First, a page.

In the mathematical field of complex analysis, Akhiezer's theorem is a result about entire functions proved by Naum Akhiezer.[1]


Let f(z) be an entire function of exponential type τ, with f(x) ≥ 0 for real x. Then the following are equivalent:

There exists an entire function F, of exponential type τ/2, having all its zeros in the (closed) upper half plane, such that

\( {\displaystyle f(z)=F(z){\overline {F({\overline {z}})}}} \)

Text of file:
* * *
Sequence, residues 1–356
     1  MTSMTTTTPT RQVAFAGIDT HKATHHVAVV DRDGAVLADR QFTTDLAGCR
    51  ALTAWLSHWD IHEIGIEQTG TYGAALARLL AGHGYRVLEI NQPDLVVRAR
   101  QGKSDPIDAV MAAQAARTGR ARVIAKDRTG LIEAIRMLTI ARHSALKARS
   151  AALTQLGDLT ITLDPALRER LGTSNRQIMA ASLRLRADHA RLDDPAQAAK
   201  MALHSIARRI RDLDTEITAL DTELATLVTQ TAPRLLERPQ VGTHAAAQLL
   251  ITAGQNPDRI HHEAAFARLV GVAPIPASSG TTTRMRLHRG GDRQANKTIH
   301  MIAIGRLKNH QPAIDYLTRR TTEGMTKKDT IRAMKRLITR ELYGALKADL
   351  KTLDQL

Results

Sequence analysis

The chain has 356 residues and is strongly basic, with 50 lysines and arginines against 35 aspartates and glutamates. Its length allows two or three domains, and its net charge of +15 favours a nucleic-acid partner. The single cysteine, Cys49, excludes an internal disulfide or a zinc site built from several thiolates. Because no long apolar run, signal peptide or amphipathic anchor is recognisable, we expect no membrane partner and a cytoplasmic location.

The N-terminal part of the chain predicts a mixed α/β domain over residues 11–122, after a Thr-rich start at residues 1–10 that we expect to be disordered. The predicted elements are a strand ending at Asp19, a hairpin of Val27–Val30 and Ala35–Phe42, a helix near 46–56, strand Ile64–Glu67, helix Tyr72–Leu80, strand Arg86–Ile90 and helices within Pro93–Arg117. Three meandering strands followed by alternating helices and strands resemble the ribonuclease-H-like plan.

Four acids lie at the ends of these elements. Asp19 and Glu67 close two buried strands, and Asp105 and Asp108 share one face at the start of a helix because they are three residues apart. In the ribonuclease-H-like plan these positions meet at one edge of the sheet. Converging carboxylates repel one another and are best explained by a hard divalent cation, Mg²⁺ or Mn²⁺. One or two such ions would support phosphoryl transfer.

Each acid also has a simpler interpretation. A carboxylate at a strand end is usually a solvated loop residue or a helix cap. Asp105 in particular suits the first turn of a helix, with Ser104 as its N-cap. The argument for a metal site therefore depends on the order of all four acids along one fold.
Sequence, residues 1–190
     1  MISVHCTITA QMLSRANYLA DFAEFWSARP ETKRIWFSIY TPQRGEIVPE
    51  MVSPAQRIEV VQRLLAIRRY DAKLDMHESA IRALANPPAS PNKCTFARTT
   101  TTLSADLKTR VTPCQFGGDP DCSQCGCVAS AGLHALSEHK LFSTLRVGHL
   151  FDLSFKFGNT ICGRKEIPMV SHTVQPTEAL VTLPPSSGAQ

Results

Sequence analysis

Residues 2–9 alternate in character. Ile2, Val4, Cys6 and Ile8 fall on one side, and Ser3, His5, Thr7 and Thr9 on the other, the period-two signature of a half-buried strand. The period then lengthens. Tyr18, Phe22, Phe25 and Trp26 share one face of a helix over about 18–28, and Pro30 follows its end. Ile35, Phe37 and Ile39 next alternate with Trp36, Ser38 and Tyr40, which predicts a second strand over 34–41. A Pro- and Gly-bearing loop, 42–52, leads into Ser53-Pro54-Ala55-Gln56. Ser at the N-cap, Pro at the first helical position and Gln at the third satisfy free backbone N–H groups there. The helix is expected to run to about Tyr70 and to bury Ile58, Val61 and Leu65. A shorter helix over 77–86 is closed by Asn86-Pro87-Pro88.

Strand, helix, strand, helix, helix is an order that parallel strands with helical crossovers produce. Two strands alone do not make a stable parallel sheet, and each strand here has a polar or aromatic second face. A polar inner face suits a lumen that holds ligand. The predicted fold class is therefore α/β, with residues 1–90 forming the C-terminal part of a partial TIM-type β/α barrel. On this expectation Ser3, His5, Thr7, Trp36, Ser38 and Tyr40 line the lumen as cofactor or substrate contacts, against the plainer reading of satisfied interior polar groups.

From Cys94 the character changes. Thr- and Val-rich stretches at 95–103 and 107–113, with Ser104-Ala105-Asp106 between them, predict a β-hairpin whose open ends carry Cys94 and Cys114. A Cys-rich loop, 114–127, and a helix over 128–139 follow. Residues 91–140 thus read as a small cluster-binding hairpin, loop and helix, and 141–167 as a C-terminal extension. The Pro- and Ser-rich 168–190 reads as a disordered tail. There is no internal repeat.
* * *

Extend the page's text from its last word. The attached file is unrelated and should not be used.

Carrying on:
One has:

\( {\displaystyle \sum |\operatorname {Im} (1/z_{n})|<\infty } \)

where zn are the zeros of f.
Related results

It is not hard to show that the Fejér–Riesz theorem is a special case.[2]

see Akhiezer (1948).

see Boas (1954) and Boas (1944) for references.

Boas, Jr., Ralph Philip (1954), Entire functions, New York: Academic Press Inc., pp. 124–132
Boas, Jr., R. P. (1944), "Functions of exponential type. I", Duke Math. J., 11: 9–15, doi:10.1215/s0012-7094-44-01102-6, ISSN 0012-7094
Akhiezer, N. I. (1948), "On the theory of entire functions of finite degree", Doklady Akademii Nauk SSSR (N.S.), 63: 475–478, MR 0027333a

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